Alicia Keys Is Standing Up to an Epidemic That's Killing Kids
By Max Chafkin
Who: Alicia Keys, Cofounder, Keep a Child Alive
Day Job: Singer-songwriter.
Wake-Up Call: Twelve years ago, near the end of her first world tour, Alicia Keys, now 33, found herself in a room full of South African teens. Some were infected with HIV; others had family who were affected. "I felt like I was looking at my own reflection," she recalls. "They were around my age, going through life just like me—looking for love, but wondering how they could continue. There was no way I could leave and pretend like I never saw it or act like I wasn't changed. I remember feeling like, If I were them, I would wish someone would speak up for me about what's going on."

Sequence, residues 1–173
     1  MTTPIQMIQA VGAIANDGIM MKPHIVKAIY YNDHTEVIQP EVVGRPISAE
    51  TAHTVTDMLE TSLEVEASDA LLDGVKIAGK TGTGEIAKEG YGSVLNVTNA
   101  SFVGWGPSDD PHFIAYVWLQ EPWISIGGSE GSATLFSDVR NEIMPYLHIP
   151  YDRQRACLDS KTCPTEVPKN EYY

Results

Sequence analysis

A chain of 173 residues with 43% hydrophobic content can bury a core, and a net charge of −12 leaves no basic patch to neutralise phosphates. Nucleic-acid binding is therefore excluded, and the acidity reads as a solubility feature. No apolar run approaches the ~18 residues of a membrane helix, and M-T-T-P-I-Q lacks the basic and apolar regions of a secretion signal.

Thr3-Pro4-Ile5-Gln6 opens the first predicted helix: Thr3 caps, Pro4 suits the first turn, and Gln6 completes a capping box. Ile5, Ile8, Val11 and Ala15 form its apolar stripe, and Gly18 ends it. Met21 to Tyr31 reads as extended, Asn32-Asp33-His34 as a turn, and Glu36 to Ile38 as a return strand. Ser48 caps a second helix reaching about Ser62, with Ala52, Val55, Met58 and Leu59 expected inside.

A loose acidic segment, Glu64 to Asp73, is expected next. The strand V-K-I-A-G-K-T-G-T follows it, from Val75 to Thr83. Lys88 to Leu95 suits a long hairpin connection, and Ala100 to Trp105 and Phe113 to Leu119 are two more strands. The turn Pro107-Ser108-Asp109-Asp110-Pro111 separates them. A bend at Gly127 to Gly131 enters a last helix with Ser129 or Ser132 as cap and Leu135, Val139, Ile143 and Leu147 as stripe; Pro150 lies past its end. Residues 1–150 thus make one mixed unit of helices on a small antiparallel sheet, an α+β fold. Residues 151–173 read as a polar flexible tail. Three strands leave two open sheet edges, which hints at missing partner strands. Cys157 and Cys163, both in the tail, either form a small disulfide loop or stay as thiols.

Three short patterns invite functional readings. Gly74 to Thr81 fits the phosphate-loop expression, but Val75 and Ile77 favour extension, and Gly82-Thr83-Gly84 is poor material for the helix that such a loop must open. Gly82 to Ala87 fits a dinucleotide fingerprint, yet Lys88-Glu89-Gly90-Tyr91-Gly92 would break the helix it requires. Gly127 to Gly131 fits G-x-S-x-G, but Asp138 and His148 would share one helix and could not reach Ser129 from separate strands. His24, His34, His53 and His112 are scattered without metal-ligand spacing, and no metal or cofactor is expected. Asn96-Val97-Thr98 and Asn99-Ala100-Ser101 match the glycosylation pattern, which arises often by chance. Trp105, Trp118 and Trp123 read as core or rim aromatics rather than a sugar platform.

Proof Positive: Her foundation, Keep a Child Alive, has raised about $25 million to provide more than 300,000 people in Africa and India with access to lifesaving drugs, nutritious food, and care. "Seeing a child who was only predicted to live to age 2, and now they're 15 … wow," Keys says.
Affecting Moment: At an AIDS conference in the U.S.—where infection rates remain disturbingly high, especially among black women—Keys met Kym, who had contracted the virus from her husband. He'd been too ashamed to seek medical help, or even to tell her he had the disease. "They could have still had a relationship, and he could have not exposed her," says Keys. Instead, Kym learned she'd been infected just before he died. Last year, Keys helped launch the Empowered campaign to encourage women to get tested and, if necessary, treated. Says Keys, "This is not a death sentence. We can beat this thing."
Photo via AFP/Getty Images